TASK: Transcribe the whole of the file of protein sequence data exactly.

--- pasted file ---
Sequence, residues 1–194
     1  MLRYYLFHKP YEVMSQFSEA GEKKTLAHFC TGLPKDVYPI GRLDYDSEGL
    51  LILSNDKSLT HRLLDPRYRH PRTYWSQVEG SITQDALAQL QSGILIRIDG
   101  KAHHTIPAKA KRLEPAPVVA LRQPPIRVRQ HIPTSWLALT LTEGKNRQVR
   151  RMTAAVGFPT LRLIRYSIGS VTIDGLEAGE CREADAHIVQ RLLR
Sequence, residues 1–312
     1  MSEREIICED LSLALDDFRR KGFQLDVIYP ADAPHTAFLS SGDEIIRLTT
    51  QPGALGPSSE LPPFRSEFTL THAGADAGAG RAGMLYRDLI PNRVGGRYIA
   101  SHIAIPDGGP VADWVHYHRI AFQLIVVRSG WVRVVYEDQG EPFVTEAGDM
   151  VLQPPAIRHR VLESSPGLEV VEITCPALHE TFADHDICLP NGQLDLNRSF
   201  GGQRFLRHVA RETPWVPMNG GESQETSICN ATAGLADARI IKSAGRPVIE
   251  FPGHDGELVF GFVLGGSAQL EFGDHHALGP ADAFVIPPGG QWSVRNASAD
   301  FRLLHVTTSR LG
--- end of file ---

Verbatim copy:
Sequence, residues 1–194
     1  MLRYYLFHKP YEVMSQFSEA GEKKTLAHFC TGLPKDVYPI GRLDYDSEGL
    51  LILSNDKSLT HRLLDPRYRH PRTYWSQVEG SITQDALAQL QSGILIRIDG
   101  KAHHTIPAKA KRLEPAPVVA LRQPPIRVRQ HIPTSWLALT LTEGKNRQVR
   151  RMTAAVGFPT LRLIRYSIGS VTIDGLEAGE CREADAHIVQ RLLR
Sequence, residues 1–312
     1  MSEREIICED LSLALDDFRR KGFQLDVIYP ADAPHTAFLS SGDEIIRLTT
    51  QPGALGPSSE LPPFRSEFTL THAGADAGAG RAGMLYRDLI PNRVGGRYIA
   101  SHIAIPDGGP VADWVHYHRI AFQLIVVRSG WVRVVYEDQG EPFVTEAGDM
   151  VLQPPAIRHR VLESSPGLEV VEITCPALHE TFADHDICLP NGQLDLNRSF
   201  GGQRFLRHVA RETPWVPMNG GESQETSICN ATAGLADARI IKSAGRPVIE
   251  FPGHDGELVF GFVLGGSAQL EFGDHHALGP ADAFVIPPGG QWSVRNASAD
   301  FRLLHVTTSR LG